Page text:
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Techtatva ’18—Cheminova

Prajaktha Mallya

Among the various opportunities that TechTatva provides the students, Krazysheet, conducted by Cheminova, aimed to teach the participants the uses of MS Excel. The basics of MS Excel were covered in the pre-TechTatva workshops to provide the participants with a basic foundation even if they were to start from scratch. In these workshops, the attendees were made familiar with the essential functions of the application.  The students made remarkable progress in their learning curve by attending these workshops.

Credits: Aaisha Singhal

During TechTatva, the event was conducted in the computer labs of the Chemical Department. Though the turnout was less, the organisers nevertheless put up a great show in teaching Excel to the interested competitors. The event was divided into two rounds– the first was confined to the basics of Excel and the second was a bit more challenging, as explained by Chinmay Kulkarni, an organiser of the event. The sole aim of both the rounds was to manipulate data to achieve a set of desired results. Chris, the event head, said “I was an organiser last year and hence have an idea of organising an event in Cheminova. The fact that I like this particular event made me stick to this category and am pleased to become the event head for the same.” He also added, “The main aim of the event is to teach them (participants) the use of MS Excel from a technical point of view.”

The event proved to be a success despite the low influx. The participants who devoted time and effort in learning it left the room with immense satisfaction. They had a lot of fun throughout the event.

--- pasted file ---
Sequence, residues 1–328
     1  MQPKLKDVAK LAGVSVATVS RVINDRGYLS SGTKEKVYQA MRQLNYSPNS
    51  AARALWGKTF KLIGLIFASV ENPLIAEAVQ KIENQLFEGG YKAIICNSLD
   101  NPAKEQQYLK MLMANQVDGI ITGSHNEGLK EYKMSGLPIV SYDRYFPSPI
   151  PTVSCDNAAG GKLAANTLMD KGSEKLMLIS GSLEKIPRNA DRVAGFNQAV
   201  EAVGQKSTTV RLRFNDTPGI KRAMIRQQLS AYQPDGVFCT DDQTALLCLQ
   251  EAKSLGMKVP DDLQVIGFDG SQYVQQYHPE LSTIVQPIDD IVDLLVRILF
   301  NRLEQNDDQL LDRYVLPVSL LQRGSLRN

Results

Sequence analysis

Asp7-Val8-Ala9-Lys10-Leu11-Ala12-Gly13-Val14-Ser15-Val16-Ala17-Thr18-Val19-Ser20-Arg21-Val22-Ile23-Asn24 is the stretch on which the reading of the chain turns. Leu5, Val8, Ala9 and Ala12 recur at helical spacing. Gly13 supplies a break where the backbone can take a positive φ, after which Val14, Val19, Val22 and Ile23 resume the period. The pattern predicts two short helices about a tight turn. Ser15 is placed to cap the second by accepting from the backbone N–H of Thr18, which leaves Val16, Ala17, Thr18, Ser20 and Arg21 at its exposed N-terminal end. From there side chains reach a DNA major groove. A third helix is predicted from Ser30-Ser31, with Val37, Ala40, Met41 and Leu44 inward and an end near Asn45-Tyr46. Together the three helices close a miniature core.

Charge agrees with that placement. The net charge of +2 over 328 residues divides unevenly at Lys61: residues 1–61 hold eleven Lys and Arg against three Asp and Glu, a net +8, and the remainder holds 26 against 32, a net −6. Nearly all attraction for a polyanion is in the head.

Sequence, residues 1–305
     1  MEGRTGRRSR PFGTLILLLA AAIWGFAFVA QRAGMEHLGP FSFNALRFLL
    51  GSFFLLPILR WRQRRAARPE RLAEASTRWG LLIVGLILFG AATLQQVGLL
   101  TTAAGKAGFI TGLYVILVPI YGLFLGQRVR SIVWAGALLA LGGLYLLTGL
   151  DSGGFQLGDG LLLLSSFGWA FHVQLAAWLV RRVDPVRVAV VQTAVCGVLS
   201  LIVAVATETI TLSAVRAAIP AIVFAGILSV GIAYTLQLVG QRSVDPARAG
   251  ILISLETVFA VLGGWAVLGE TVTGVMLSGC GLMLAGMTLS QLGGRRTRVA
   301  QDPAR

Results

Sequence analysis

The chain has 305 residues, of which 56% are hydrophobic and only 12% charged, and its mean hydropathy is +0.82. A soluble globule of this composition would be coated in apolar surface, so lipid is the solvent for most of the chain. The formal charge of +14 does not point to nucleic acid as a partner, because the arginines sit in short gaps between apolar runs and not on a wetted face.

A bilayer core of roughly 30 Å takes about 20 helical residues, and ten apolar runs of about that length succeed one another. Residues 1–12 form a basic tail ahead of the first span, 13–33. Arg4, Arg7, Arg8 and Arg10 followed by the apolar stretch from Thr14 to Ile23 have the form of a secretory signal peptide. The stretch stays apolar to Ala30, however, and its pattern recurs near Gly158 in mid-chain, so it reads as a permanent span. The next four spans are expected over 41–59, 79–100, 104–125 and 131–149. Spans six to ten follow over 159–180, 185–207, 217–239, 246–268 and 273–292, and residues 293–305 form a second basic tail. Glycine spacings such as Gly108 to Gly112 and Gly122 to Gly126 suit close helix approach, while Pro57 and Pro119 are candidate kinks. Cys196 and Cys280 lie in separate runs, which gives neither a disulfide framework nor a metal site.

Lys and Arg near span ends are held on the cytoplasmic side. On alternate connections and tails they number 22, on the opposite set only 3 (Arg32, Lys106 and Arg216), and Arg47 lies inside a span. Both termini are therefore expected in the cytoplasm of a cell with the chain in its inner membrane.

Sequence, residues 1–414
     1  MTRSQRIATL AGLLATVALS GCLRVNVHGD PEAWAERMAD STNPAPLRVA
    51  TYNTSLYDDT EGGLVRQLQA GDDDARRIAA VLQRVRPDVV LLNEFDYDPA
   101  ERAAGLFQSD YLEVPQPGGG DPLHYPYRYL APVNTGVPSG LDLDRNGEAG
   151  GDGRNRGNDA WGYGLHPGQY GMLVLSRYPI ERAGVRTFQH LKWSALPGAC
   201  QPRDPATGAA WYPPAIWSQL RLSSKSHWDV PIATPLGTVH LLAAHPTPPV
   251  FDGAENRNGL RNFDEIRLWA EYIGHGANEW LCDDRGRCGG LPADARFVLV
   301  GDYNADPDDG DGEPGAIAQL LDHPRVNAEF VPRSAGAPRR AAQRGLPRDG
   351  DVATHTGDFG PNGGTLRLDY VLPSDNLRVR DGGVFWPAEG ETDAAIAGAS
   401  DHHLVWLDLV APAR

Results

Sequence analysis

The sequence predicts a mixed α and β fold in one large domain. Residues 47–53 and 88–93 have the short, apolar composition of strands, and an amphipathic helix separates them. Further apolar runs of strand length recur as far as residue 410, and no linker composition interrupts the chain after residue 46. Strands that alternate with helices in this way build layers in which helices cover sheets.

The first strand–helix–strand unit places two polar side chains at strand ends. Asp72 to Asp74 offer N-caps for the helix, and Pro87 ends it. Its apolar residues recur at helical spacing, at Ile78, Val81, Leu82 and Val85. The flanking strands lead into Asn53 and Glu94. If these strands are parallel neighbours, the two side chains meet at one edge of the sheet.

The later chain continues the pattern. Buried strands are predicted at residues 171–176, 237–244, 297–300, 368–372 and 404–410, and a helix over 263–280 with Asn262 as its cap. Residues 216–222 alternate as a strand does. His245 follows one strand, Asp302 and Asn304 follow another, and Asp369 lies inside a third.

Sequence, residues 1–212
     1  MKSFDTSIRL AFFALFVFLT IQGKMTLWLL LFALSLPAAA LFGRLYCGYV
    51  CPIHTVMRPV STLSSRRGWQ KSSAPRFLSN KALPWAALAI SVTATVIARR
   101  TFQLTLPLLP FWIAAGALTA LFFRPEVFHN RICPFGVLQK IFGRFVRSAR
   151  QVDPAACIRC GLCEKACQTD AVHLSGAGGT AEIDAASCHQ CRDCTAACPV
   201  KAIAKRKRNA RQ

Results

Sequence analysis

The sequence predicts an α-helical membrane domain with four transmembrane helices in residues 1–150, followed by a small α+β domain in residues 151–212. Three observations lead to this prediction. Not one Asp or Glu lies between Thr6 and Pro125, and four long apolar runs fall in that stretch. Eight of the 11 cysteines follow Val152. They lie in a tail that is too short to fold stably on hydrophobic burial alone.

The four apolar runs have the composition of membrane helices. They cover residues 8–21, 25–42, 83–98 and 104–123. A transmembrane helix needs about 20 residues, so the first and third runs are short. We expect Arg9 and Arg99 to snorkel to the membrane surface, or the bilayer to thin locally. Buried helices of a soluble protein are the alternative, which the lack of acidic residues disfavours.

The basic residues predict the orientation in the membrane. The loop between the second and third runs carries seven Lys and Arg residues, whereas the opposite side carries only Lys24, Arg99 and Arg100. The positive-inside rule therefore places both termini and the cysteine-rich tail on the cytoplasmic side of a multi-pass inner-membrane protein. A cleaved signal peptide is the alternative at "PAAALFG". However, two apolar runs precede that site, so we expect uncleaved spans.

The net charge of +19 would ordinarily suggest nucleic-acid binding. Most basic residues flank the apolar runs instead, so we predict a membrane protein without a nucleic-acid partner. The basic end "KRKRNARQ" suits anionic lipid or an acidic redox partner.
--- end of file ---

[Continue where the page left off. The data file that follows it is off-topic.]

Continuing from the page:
Clash of Chemicals
Prajaktha Mallya

A chemical treasure hunt organized by Cheminova, Clash of Chemicals spurted a lot of excitement and energy in the chemistry labs of AB-1. Commencing late in the afternoon, the teams showed up to prove their chemical genius. The competition had two phases. The first phase was a written test, based on logic puzzles. The questions were purely logical, with little to no science involved. A few also involved mathematics. The screening test was conducted to note the participants’ logical abilities. The event head Ruthwik Nakka described the event as, “It’s kind of like Sherlock Holmes, but with chemicals.”

Credits: Praveen

After the screening test, the second phase was the treasure hunt. Strewn about the room were clues and chemicals. Competitors were given a start clue from which they had to find the hidden compound. The participants went around the room trying to find the next clue that led them a step closer to the chemical they were supposed to find. After locating this chemical salt, students then had to conduct the chemical tests to determine which salt it was. These were a series of basic salt analysis, using acids and other known salts in the lab.

The participants conducted the salt analysis tests on the chemical they had found, and after they were sufficiently sure of what it was, they reported it in. The event made the whole idea of salt analysis more lively by introducing twists like the treasure hunt.  It was a fun event to both organise and participate.